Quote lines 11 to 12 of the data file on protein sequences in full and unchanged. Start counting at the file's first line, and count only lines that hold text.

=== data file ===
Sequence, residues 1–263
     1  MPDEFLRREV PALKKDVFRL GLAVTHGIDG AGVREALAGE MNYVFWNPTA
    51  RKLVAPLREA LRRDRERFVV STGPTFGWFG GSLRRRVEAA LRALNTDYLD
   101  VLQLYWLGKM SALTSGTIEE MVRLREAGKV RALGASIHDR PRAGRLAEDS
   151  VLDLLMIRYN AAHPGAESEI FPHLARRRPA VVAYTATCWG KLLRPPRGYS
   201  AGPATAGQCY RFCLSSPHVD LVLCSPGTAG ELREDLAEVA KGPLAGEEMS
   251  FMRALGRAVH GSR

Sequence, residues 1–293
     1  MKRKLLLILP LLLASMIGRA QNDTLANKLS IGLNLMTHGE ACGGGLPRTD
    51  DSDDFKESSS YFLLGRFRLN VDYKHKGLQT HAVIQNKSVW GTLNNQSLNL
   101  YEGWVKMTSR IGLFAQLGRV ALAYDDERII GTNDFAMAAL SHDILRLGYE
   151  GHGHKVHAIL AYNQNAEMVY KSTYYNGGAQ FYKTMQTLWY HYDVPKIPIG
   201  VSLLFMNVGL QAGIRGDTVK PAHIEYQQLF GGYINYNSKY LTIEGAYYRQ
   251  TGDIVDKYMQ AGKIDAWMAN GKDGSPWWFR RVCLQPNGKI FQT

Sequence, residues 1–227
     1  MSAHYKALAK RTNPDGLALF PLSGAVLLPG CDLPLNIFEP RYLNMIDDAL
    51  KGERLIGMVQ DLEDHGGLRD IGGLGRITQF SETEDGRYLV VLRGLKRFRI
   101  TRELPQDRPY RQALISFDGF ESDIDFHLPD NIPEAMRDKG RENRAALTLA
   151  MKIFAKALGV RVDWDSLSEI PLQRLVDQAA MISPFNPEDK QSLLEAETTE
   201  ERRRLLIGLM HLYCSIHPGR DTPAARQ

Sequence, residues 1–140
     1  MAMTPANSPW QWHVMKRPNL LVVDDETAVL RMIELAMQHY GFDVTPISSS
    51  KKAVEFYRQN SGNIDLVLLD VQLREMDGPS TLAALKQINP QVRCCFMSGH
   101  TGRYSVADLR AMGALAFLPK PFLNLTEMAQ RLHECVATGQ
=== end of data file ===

   101  YEGWVKMTSR IGLFAQLGRV ALAYDDERII GTNDFAMAAL SHDILRLGYE
   151  GHGHKVHAIL AYNQNAEMVY KSTYYNGGAQ FYKTMQTLWY HYDVPKIPIG